Cal Poly to Screen Italian-Ghanaian Filmmaker’s Documentary March 7

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Please note: this video is in Italian.

Italian-Ghanaian filmmaker, producer and activist Fred Kuwornu will visit Cal Poly for a screening of his documentary “18 IUS SOLI” from 4:10 to 6 p.m. Friday, March 7, in the Baker Center for Science and Mathematics (Building 180), Room 101. A conversation with the filmmaker will follow the screening.

The documentary tracks the lives of 18 young men and women who were born and raised in Italy but whose parents originate from African, Asian and Latin American countries. The film explores what it means to be children of immigrants in Italy.

Issues of identity and isolation develop as these young people attend school in Italy and speak the national language — yet are not considered citizens. As children of immigrants, they are required to undergo a lengthy citizenship process that does not guarantee a positive outcome.

The documentary showcases how citizenship issues and limited access to higher education are worldwide problems.

Kuwornu has collaborated with several film production crews, including the crew that worked on Spike Lee’s “Miracle at St. Anna.” Working with Lee inspired Kuwornu to direct and produce “Inside Buffalo,” a documentary on the 92nd Infantry “Buffalo Soldiers” Division, an African American segregated combat unit that fought in Italy during World War II. The film won Best Documentary at the Black Berlin International Cinema Festival and has been screened at the Pentagon and the Library of Congress.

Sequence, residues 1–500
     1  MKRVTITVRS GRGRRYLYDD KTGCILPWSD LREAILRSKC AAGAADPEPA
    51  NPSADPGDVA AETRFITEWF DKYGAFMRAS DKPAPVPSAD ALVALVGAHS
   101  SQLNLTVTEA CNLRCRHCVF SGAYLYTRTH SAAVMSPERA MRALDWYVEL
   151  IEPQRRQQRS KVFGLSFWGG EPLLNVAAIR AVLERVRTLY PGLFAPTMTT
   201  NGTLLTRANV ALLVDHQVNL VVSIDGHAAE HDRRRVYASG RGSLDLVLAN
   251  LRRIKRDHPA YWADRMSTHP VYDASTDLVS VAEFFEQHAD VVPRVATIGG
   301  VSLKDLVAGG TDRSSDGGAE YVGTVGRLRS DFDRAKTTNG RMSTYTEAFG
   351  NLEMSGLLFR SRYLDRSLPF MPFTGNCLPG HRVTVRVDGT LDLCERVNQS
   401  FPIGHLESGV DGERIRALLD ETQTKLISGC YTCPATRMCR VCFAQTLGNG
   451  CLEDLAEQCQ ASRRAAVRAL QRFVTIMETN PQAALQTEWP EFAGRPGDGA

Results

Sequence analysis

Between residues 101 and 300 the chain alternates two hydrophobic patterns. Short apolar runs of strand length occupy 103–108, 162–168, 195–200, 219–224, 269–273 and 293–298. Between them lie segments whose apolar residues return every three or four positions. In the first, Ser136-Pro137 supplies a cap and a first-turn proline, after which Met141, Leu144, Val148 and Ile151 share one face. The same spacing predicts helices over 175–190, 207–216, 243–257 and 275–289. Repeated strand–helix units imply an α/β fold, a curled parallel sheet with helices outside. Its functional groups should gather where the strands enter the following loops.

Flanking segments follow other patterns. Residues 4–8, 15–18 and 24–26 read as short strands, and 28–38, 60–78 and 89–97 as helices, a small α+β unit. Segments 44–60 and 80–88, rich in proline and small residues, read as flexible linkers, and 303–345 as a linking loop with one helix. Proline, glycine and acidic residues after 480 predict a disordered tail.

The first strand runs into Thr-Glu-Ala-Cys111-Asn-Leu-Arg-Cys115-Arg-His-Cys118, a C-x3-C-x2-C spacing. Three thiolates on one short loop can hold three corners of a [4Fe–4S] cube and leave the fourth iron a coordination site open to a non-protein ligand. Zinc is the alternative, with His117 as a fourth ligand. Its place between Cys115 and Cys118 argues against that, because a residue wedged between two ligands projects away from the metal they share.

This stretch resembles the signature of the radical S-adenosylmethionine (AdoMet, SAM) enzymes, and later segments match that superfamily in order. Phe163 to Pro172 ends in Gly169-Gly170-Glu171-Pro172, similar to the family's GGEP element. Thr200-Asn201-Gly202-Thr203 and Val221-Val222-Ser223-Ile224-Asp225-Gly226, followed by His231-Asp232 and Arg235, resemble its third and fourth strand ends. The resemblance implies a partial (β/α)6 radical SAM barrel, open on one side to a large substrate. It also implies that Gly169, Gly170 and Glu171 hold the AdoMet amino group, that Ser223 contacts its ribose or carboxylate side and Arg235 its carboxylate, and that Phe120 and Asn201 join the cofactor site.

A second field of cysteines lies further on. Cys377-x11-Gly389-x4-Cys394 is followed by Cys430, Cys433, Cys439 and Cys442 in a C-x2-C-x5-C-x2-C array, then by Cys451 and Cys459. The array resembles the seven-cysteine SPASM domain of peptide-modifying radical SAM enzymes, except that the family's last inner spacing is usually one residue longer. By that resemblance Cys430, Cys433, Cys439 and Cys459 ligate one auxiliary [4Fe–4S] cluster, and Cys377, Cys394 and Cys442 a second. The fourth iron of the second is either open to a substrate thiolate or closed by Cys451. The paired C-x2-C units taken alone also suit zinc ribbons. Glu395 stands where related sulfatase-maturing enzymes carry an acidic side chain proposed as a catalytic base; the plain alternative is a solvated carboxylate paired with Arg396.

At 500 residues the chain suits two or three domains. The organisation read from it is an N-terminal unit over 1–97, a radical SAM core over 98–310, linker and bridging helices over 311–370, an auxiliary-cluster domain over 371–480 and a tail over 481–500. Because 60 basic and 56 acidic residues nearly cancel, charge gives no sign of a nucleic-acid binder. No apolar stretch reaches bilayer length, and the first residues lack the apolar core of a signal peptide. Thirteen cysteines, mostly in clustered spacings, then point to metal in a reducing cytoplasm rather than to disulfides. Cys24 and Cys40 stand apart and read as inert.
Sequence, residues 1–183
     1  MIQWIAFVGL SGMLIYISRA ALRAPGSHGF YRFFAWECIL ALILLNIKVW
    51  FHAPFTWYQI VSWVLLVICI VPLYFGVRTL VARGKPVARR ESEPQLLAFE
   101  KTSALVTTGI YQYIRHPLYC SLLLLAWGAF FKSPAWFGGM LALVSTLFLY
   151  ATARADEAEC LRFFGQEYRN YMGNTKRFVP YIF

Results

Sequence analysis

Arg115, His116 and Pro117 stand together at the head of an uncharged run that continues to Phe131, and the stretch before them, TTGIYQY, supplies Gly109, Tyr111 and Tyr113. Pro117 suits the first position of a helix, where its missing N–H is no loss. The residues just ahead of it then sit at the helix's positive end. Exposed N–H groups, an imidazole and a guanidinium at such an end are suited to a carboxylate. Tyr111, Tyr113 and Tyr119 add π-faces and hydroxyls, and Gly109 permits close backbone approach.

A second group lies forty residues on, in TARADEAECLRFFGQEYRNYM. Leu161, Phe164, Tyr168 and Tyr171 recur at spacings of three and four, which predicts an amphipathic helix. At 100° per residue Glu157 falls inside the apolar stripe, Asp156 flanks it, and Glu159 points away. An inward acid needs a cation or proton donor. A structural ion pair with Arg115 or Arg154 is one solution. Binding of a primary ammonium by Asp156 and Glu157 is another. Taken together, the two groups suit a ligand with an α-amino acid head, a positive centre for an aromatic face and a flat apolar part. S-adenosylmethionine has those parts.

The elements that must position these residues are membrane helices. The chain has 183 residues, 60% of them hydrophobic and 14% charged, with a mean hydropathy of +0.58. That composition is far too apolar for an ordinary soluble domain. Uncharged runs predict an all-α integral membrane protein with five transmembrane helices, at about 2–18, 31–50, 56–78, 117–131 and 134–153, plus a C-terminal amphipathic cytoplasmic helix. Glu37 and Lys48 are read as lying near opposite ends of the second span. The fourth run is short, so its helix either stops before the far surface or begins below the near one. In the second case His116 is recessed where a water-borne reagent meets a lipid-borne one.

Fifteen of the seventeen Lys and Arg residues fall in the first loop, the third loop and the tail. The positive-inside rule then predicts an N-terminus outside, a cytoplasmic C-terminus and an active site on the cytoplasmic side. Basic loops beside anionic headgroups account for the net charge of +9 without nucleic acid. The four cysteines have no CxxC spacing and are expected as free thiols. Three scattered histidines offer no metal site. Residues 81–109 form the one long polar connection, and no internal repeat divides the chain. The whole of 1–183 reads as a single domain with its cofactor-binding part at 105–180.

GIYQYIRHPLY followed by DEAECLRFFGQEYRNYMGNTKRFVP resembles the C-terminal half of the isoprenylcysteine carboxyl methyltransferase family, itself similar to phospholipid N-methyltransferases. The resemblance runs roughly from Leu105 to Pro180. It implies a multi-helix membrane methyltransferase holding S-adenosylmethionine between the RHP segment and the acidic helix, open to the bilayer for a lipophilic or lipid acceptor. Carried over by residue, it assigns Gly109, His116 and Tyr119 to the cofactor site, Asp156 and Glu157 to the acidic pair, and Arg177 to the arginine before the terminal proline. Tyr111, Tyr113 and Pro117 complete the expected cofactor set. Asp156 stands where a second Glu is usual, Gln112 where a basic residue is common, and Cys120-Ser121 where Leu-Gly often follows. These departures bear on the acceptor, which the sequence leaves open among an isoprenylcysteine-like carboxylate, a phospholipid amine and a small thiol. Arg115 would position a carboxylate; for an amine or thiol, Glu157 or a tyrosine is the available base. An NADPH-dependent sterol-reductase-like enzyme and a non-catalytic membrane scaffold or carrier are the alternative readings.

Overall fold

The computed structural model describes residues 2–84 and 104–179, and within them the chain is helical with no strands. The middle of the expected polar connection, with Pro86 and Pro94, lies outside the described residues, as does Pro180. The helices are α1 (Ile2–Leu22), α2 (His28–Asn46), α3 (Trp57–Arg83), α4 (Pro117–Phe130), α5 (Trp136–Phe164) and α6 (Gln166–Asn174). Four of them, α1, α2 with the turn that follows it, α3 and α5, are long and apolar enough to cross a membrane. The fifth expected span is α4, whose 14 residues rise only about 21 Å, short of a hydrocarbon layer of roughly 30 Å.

Among Kuwornu’s planned projects are “We the Italians,” which focuses on several Italian scientists, and a film about the U.S. Civil Rights Movement, titled “64.”

In addition to film projects, Kuwornu is the founder of Diversity Italia, a nonprofit organization that promotes ethnic and racial diversity in Italy by using film and other artistic mediums as tools for building a more inclusive society.

The event is presented by Cal Poly’s Ethnic Studies Department with support provided by the California State University Entertainment Industry Initiative and the Modern Languages and Literatures Department.

The screening is free and open to the public.

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